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Section 42.4 Energy in an Inductor

In Subsection 42.3.1, we have discussed energy dissipation in a RL-circuit. Current in an RL-circuit without an EMF source decays exponentially with time constant equal to \(\tau=\mathcal{L}/R\text{.}\)

\begin{equation*} I(t) = I(0)\; e^{-R\, t/L}. \end{equation*}

With time all the energy in the circuit dissipates in the resitor. Quantifying the total energy dissipated in the resistor, we found that we can assign energy to the circuit at \(t=0\text{,}\) when current in the circuit is \(I_0\text{,}\) is

\begin{equation*} U = \frac{1}{2}\mathcal{L} I_0^2. \end{equation*}

Figure 42.4.1.
Where in the circuit is this energy stored at \(t=0\text{.}\) If you look at the circuit, you find that the circuit has magnetic field at \(t=0\text{,}\) especially concentrated in the inductor. That is, magnetic energy stored in the inductor, when current \(I_0\) is flowing through the inductor is
\begin{equation} U_B = \frac{1}{2}\mathcal{L} I_0^2.\tag{42.4.1} \end{equation}
In the section below, we will write this explicitly in terms of magnetic field.

Subsection 42.4.1 Energy in Magnetic Field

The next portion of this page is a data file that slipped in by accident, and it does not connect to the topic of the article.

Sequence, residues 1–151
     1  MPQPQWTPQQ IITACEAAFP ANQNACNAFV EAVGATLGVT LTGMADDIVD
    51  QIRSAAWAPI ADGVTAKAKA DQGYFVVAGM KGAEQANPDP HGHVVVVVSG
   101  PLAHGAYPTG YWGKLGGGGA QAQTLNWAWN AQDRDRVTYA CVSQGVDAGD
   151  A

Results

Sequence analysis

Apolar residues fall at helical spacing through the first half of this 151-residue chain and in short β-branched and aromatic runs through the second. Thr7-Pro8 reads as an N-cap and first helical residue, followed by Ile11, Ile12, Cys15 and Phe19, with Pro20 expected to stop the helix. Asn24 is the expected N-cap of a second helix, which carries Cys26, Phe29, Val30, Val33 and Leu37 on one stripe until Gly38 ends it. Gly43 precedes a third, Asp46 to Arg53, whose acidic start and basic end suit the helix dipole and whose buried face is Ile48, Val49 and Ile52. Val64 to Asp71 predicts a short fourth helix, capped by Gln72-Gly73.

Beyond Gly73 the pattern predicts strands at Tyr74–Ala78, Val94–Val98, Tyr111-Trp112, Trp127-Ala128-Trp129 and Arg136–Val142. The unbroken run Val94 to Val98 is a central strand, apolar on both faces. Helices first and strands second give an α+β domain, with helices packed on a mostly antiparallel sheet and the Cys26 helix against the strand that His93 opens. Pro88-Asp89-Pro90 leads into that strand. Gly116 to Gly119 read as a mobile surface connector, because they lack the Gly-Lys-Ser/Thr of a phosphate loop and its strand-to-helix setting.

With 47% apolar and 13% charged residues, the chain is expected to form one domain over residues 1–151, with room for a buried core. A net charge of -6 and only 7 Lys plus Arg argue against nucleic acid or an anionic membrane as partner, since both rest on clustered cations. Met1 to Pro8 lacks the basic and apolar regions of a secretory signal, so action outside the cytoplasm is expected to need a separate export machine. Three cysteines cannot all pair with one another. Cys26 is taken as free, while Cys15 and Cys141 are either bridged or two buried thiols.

We found the an inductor carrying current \(I\) has energy \(\frac{1}{2} \mathcal{L} I^2\text{.}\) We can now show that this energy is actually in the magnetic field of current in the solenoid.

Let's suppose out inductor is a long solenoid with \(n\) turns per unit length. That would mean, inside of the solenoid has magnetic field of magnitude

\begin{equation*} B_\text{in} = \mu_0 n I. \end{equation*}

Using \(I\) from this in the energy of solenoid we get

\begin{equation*} U_\text{solenoid} = \frac{1}{2} \mathcal{L} I^2 = \frac{1}{2} \mathcal{L} \dfrac{1}{\mu_0^2 n^2}\, B^2. \end{equation*}

Now, recall that self-inductance of a solenoid of radius \(a\) and length \(l\) is

\begin{equation*} \mathcal{L} = \pi\mu_0 n^2 la^2. \end{equation*}

Therefore, the energy \(U\) of solenoid is

\begin{equation*} U_\text{solenoid} = \frac{1}{2\mu_0} B_{\text{in}}^2 \left( l \pi a^2 \right), \end{equation*}

which can be written as an energy density times volume.

\begin{equation*} U = \frac{1}{2\mu_0} B_{\text{in}}^2 \times \text{Volume of solenoid} \end{equation*}

Therefore, we say that magnetic field contains energy given by the following formula for energy per unit volume, \(u_B\text{.}\) (Note: we use a small letter for energy density and capital letter for energy.)

\begin{equation*} u_B = \frac{1}{2\mu_0} B^2\ \ \ \text{(Energy density)} \end{equation*}

(Calculus) Electromagnetic Energy

If magnetic field is not uniform, then the energy in the magnetic field in a particular space volume will be given by an integral over the volume.

\begin{equation*} U_B = \frac{1}{2\mu_0} \int_{\text{Volume}} B^2 dV\ \ \ \text{(Energy in magnetic field)} \end{equation*}

The formula for the energy in the magnetic field is similar to that of energy in the electric field.